(5) For the realtors showing your house, call the broker who has listed the house and tell them that no one is to enter without reasonable advance written notice, like 24 hours, and that they should immediately remove the lock box, or you will do it when you change the doorknobs. Tell them that any realtor or prospective buyer will be sued, and the police will be called to charge them with criminal trespass [see above], should they dare violate this. You can also tell each prospective buyer about all of the problems with the house, and the neighborhood, so that the brokers will not want to show the property, at all. In the alternative, you can work out a cooperative arrangement with the broker to ensure that your privacy is respected. They’ll get the point.
The law now requires a landlord to provide dead bolt locks on the doors and adequate locks on the windows of a residential rental unit. Civil Code Section 1941.3. Failure to do so violates the “warranty of habitability”, permitting the tenant to move out, repair and deduct, or withhold rent as remedies. You can use that law to put them on, deduct the cost from your rent [See Repairs], and have the additional barrier to their illegal entry.
CIV §1954. (a) A landlord may enter the dwelling unit only in the following cases:
(1) In case of emergency.
(2) To make necessary or agreed repairs, decorations, alterations or improvements, supply necessary or agreed services, or exhibit the dwelling unit to prospective or actual purchasers, mortgagees, tenants, workers, or contractors or to make an inspection pursuant to subdivision (f) of Section 1950.5.
(3) When the tenant has abandoned or surrendered the premises.
(4) Pursuant to court order.
(b) Except in cases of emergency or when the tenant has abandoned or surrendered the premises, entry may not be made during other than normal business hours unless the tenant consents to an entry during other than normal business hours at the time of entry.
(c) The landlord may not abuse the right of access or use it to harass the tenant.
(d) (1) Except as provided in subdivision (e), or as provided in paragraph (2) or (3), the landlord shall give the tenant reasonable notice in writing of his or her intent to enter and enter only during normal business hours. The notice shall include the date, approximate time, and purpose of the entry. The notice may be personally delivered to the tenant, left with someone of a suitable age and discretion at the premises, or, left on, near, or under the usual entry door of the premises in a manner in which a reasonable person would discover the notice. Twenty-four hours shall be presumed to be reasonable notice in absence of evidence to the contrary. The notice may be mailed to the tenant. Mailing of the notice at least six days prior to an intended entry is presumed reasonable notice in the absence of evidence to the contrary.
(2) If the purpose of the entry is to exhibit the dwelling unit to prospective or actual purchasers, the notice may be given orally, in person or by telephone, if the landlord or his or her agent has notified the tenant in writing within 120 days of the oral notice that the property is for sale and that the landlord or agent may contact the tenant orally for the purpose described above. Twenty-four hours is presumed reasonable notice in the absence of evidence to the contrary. The notice shall include the date, approximate time, and purpose of the entry. At the time of entry, the landlord or agent shall leave written evidence of the entry inside the unit.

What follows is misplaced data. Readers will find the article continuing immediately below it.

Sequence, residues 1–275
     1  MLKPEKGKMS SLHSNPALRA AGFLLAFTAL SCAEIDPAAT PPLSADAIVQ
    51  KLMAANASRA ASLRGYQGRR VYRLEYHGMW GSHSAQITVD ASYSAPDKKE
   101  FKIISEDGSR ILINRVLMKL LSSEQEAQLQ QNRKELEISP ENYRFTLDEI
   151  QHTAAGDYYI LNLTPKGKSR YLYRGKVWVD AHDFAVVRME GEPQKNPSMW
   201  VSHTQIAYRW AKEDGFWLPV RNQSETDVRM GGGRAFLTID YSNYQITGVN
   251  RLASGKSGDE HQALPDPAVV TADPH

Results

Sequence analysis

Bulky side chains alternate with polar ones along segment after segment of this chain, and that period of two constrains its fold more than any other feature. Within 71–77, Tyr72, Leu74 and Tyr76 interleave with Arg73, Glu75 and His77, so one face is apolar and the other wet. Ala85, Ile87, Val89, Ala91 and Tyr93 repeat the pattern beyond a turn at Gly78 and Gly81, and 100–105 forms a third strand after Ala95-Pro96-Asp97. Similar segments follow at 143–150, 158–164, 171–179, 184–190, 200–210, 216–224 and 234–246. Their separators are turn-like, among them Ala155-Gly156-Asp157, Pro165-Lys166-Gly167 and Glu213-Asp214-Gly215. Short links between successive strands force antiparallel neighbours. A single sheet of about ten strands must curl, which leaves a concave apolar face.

(3) The tenant and the landlord may agree orally to an entry to make agreed repairs or supply agreed services. The agreement shall include the date and approximate time of the entry, which shall be within one week of the agreement. In this case, the landlord is not required to provide the tenant a written notice.
(e) No notice of entry is required under this section:
(1) To respond to an emergency.
(2) If the tenant is present and consents to the entry at the time of entry.
(3) After the tenant has abandoned or surrendered the unit. [Amended by Stats. 2003, Ch. 787, Sec. 1. Effective January 1, 2004]
PEN §602.5. (a) Every person other than a public officer or employee acting within the course and scope of his or her employment in performance of a duty imposed by law, who enters or remains in any noncommercial dwelling house, apartment, or other residential place without consent of the owner, his or her agent, or the person in lawful possession thereof, is guilty of a misdemeanor.
(b) Every person other than a public officer or an employee acting within the course and scope of his employment in performance of a duty imposed by law, who, without the consent of the owner, his or her agent, or the person in lawful possession thereof, enters or remains in any noncommercial dwelling house, apartment, or other residential place while a resident, or another person authorized to be in the dwelling, is present at any time during the course of the incident is guilty of aggravated trespass punishable by imprisonment in a county jail for not more than one year or by a fine of not more than one thousand dollars ($1,000), or by both that fine and imprisonment….
PEN §602.8. (a) Any person who without the written permission of the landowner, the owner’s agent, or the person in lawful possession of the land, willfully enters any lands under cultivation or enclosed by fence, belonging to, or occupied by, another, or who willfully enters upon uncultivated or unenclosed lands where signs forbidding trespass are displayed at intervals not less than three to the mile along all exterior boundaries and at all roads and trails entering the lands, is guilty of a public offense.